N-linked glycosylation supports cross-talk between receptor tyrosine kinases and androgen receptor

PLoS One. 2013 May 28;8(5):e65016. doi: 10.1371/journal.pone.0065016. Print 2013.


Prostate cancer is the second most common cause of cancer-associated deaths in men and signalling via a transcription factor called androgen receptor (AR) is an important driver of the disease. Androgen treatment is known to affect the expression and activity of other oncogenes including receptor tyrosine kinases (RTKs). In this study we report that AR-positive prostate cancer cell-lines express 50% higher levels of enzymes in the hexosamine biosynthesis pathway (HBP) than AR-negative prostate cell-lines. HBP produces hexosamines that are used by endoplasmic reticulum and golgi enzymes to glycosylate proteins targeted to plasma-membrane and secretion. Inhibition of O-linked glycosylation by ST045849 or N-linked glycosylation with tunicamycin decreased cell viability by 20%. In addition, tunicamycin inhibited the androgen-induced expression of AR target genes KLK3 and CaMKK2 by 50%. RTKs have been shown to enhance AR activity and we used an antibody array to identify changes in the phosphorylation status of RTKs in response to androgen stimulation. Hormone treatment increased the activity of Insulin like Growth Factor 1-Receptor (IGF-1R) ten-fold and this was associated with a concomitant increase in the N-linked glycosylation of the receptor, analyzed by lectin enrichment experiments. Glycosylation is known to be important for the processing and stability of RTKs. Inhibition of N-linked glycosylation resulted in accumulation of IGF-1R pro-receptor with altered mobility as shown by immunoprecipitation. Confocal imaging revealed that androgen induced plasma-membrane localization of IGF-1R was blocked by tunicamycin. In conclusion we have established that the glycosylation of IGF-1R is necessary for the full activation of the receptor in response to androgen treatment and that perturbing this process can break the feedback loop between AR and IGF-1R activation in prostate cells. Achieving similar results selectively in a clinical setting will be an important challenge in the future.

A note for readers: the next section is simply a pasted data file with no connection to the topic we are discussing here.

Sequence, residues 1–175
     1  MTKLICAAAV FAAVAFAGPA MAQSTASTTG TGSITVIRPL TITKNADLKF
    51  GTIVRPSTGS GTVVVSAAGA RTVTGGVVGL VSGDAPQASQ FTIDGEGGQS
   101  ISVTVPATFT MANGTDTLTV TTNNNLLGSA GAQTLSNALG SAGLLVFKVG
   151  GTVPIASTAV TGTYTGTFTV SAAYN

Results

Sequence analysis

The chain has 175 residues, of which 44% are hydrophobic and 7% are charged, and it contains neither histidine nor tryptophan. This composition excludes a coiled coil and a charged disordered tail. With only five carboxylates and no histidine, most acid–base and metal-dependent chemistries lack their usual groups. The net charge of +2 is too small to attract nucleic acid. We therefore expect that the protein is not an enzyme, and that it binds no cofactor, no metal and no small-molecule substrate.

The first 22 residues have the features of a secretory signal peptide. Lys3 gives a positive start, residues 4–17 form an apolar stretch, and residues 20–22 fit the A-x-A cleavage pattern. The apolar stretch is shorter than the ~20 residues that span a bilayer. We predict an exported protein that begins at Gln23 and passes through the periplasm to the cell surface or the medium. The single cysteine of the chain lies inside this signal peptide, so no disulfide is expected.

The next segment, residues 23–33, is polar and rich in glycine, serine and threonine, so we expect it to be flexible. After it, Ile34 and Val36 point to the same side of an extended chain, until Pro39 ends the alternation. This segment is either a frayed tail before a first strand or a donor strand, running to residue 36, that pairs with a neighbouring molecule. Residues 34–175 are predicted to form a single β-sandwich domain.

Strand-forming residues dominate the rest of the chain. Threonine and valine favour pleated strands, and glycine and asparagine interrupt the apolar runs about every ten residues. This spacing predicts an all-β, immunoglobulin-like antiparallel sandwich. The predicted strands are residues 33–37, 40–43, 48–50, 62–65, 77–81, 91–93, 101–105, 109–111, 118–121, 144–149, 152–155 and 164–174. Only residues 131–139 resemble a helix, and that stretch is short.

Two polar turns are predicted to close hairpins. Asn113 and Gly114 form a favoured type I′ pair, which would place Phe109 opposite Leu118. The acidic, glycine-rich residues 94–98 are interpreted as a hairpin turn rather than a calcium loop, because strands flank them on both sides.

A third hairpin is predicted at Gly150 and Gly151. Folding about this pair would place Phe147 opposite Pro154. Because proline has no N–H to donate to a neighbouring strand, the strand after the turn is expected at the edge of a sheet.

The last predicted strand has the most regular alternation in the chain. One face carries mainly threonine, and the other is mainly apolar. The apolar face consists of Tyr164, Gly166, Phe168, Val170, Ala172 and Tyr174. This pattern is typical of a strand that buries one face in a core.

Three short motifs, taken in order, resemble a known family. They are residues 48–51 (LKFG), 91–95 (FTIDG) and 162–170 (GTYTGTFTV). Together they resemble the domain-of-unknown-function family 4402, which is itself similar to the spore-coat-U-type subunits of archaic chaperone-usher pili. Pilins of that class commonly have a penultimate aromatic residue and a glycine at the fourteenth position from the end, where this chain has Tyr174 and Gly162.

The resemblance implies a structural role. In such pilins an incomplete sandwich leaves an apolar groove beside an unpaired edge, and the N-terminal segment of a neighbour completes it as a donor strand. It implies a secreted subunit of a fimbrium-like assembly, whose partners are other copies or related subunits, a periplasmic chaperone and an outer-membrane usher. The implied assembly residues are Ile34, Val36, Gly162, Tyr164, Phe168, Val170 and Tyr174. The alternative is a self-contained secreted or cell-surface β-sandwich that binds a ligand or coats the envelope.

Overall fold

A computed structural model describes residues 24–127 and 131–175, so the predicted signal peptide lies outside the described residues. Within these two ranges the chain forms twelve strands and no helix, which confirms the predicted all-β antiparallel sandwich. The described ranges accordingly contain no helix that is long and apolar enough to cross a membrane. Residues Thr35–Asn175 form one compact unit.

Publication types

  • Research Support, Non-U.S. Gov't

MeSH terms

  • Biosynthetic Pathways
  • Cell Line, Tumor
  • Gene Expression Regulation, Neoplastic
  • Glycosylation
  • Hexosamines / biosynthesis
  • Humans
  • Male
  • Prostatic Neoplasms / enzymology
  • Prostatic Neoplasms / genetics
  • Protein Processing, Post-Translational
  • Protein Transport
  • Receptor Cross-Talk*
  • Receptor, IGF Type 1 / metabolism*
  • Receptors, Androgen / metabolism*
  • Up-Regulation


  • AR protein, human
  • Hexosamines
  • Receptors, Androgen
  • Receptor, IGF Type 1

Grant support

HMI is funded by an Early Stage Researcher fellowship as part of the EU FP7 Marie Curie Integrated Training Network, PRO-NEST (Prostate Research Organizations – Network Early Stage Training). IGM is supported by funding from the Norwegian Research Council, Helse Sor-Ost and the University of Oslo through the Centre for Molecular Medicine (Norway), which is part of the Nordic EMBL (European Molecular Biology Laboratory) partnership. IGM is also supported by the Norwegian Cancer Society and by EU FP7 funding. The funders had no role in study design, data collection and analysis, decision to publish, or preparation of the manuscript.